The Trial of the Chicago 7 (2020)

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I dug this. Highlights were Rylance, Sorkin's script and Redmayne and Rylance's climatic argument. Liked the score too.

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Ruth wrote:
October 18th, 2020, 7:29 am
Okay, fine, I’m returning to NF to say this would be my favorite film of 2020 if not for its very ending. Ugh, fine, I think it’s still my favorite film of the year. I thought this was amazing.
I think the ending makes sense in that it pays homage to the real people who were accused. Their idea was to denounce the war in Vietnam, and obviously, that's not what Sorkin's after, and in many ways the leads of the film for me are Rylance and Langella (who ends up quite high on the character-I'd-like-to-punch list) and not the accused. So it's okay for me that he gets back to what these guys were trying to fight first. I am also okay with the way he ends JGL's arc in that scene: he makes for a more complex and interesting character than the judge. The judge is a good character in that he motivates the anger that drives the film, but not an interesting character to analyse. So as "villain" go, they contrast each other in interesting ways tonally.
Anyway, really enjoyed the film. Much better than Molly for me.

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Demoph wrote:
October 18th, 2020, 3:31 pm
Ruth wrote:
October 18th, 2020, 7:29 am
Okay, fine, I’m returning to NF to say this would be my favorite film of 2020 if not for its very ending. Ugh, fine, I think it’s still my favorite film of the year. I thought this was amazing.
I think the ending makes sense in that it pays homage to the real people who were accused. Their idea was to denounce the war in Vietnam, and obviously, that's not what Sorkin's after, and in many ways the leads of the film for me are Rylance and Langella (who ends up quite high on the character-I'd-like-to-punch list) and not the accused. So it's okay for me that he gets back to what these guys were trying to fight first. I am also okay with the way he ends JGL's arc in that scene: he makes for a more complex and interesting character than the judge. The judge is a good character in that he motivates the anger that drives the film, but not an interesting character to analyse. So as "villain" go, they contrast each other in interesting ways tonally.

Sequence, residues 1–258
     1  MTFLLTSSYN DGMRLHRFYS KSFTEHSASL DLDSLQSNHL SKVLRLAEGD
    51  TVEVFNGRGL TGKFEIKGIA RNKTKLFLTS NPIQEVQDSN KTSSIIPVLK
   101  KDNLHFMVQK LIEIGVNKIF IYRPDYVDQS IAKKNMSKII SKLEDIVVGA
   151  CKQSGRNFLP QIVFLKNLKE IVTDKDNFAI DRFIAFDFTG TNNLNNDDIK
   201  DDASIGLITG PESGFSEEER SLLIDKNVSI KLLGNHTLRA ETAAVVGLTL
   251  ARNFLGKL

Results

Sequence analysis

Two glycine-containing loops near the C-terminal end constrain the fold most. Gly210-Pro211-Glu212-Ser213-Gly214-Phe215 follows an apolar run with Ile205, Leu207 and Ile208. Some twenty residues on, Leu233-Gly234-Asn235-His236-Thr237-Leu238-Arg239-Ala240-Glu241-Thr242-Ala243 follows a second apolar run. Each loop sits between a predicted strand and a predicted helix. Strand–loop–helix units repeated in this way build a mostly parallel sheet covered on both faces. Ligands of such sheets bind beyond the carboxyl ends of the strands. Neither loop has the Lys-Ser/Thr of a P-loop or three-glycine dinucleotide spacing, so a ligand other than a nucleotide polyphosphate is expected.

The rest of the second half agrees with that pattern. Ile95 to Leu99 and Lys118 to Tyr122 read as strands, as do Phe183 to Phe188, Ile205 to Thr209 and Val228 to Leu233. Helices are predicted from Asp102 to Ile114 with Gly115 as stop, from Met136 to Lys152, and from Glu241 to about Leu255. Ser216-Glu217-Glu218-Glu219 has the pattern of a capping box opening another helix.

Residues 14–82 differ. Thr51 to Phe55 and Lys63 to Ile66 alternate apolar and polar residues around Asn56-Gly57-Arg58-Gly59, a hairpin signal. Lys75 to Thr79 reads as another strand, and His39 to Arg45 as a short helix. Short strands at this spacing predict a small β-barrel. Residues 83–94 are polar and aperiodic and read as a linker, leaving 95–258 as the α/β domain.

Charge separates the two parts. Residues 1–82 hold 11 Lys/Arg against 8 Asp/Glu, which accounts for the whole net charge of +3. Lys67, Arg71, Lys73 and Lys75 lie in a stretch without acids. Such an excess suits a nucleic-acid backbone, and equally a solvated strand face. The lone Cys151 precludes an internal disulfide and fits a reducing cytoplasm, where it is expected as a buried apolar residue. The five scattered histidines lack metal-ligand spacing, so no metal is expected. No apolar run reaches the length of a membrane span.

Anyway, really enjoyed the film. Much better than Molly for me.
My gripe with the ending is that it tries to present itself as this "feel good" moment, a victory almost, when it really wasn't, all possible homages aside.
So Hayden gets up and starts listing the names. At that given moment, who is he honestly even addressing? Schultz, a person whose characterization apparently differs quite greatly from his real life counterpart, by that point had already established himself as capable of nuanced judgement (his reaction to the abuse of Seale), so the movie is not trying to win him over. Is it the judge? It falls completely on deaf ears because he's a lost cause, yet as I mentioned, Sorkin presents this moment as a victory as the defendants raise their fists. Is this an attempt to sway America's right? Uhm yeah, the film shows how well that generally works out by having Frank Langella's character try to smash everyone into submission with his gavel.

The reason why I'm not attempting to question film's Hayden's motives here, is because in reality, this never happened. Hayden never reads out the names, Dellinger attempts to do so, but I've not read the trial transcript, so can't say how that went. Instead, Kuntsler delivers a closing statement which is heaps more powerful and poignant than what was included, and overall lands all of the emotional punches better: